Not only is screaming back bad form, “experts” actually say you should calmly engage the child – address his frustration and explain that the tantrum won’t work. My wife does this, and it’s pretty hilarious to watch her bend down and try to reason with the banshee as he howls in her face. I just put my headphones on and shut my eyes real tight.

Of course, giving in to your softer side (or just plain giving in out of exhaustion or frustration) has its own consequences down the line. If your kid gets wind of the fact that his tantrums actually work? You’re screwed. So the battle of wills comes down to a war between the now and the later. Are you willing to sacrifice your immediate peace of mind for potential long-terms benefits? It’s not easy.

Most of the time even the best parent will be provoked into responding to tantrums, usually with either anger or resignation. The trick is to respond with apathy, i.e., not to respond at all. It’s the difference between longer – but fewer – tantrums (he won’t give in until his throat gives out, but he’ll soon learn that shredding his throat for no reason is a fool’s game) and shorter – but frequent – tantrums (he’ll stop when he gets his response, but the next time he’s bored or hungry or annoyed, it’s back to the well.) And it’s easier said than done.

It’s a tough game to play in that you have to sacrifice immediate results for potential longterm benefits. After all, maybe it’s not a ploy, maybe it’s his personality. Maybe your kid is just a spoiled piece of shit and will use tantrums or their equivalent his entire life. Then you’re S.O.L. But if you want any chance at raising a kid who doesn’t blow up the minute he doesn’t get what he wants, letting him scream his unfulfilled little heart out is the way to go.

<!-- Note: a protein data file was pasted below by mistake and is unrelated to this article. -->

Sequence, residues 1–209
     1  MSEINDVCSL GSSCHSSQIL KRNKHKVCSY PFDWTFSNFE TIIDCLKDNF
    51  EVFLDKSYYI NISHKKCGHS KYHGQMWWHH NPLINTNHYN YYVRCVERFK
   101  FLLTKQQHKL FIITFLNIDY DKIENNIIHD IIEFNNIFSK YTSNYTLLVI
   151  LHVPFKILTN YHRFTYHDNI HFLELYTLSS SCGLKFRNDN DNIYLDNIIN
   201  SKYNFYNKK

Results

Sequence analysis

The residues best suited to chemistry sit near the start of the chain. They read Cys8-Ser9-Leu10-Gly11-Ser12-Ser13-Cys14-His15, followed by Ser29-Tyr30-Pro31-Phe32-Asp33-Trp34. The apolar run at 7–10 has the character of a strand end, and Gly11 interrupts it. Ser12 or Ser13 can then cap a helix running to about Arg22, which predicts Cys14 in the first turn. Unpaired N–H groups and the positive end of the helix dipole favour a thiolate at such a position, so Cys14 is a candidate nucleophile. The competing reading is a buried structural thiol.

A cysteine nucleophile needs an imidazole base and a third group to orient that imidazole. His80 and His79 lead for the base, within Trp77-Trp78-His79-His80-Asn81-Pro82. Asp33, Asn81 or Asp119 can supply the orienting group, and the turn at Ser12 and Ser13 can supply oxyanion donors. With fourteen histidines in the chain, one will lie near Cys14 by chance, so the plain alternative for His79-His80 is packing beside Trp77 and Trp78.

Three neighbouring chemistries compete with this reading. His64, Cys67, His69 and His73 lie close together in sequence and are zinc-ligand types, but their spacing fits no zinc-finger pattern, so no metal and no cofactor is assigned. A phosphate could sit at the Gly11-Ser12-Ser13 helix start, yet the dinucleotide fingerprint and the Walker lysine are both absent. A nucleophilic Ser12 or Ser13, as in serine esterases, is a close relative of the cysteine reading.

It’s not necessarily easy to keep doing whatever your doing while pretending not to notice the miniature noise-machine at your feet but you’ll be better off if you can at least fake it. Again, headphones work. And pain killers would probably help. Whether its you or your kid that gets them is totally up to you.

To a non-parent, this kind of solution sounds easy. “What’s the issue here? I want a better kid then this is what I do, simple as that.” In the actual moment, of course, with the actual child in front of you, crying his little eyes out, it’s a hell of a lot harder to resist the quick fix or the frustrated yell. Not only do you have to put up with a fair amount of screaming, you have to deal with the guilt that comes with ignoring it and the uncertainty of whether or not it will even work.

But at least at the end of the day you can say you tried. And having tried will at least make it easier when it’s finally time to kick the demanding little punk out of your house.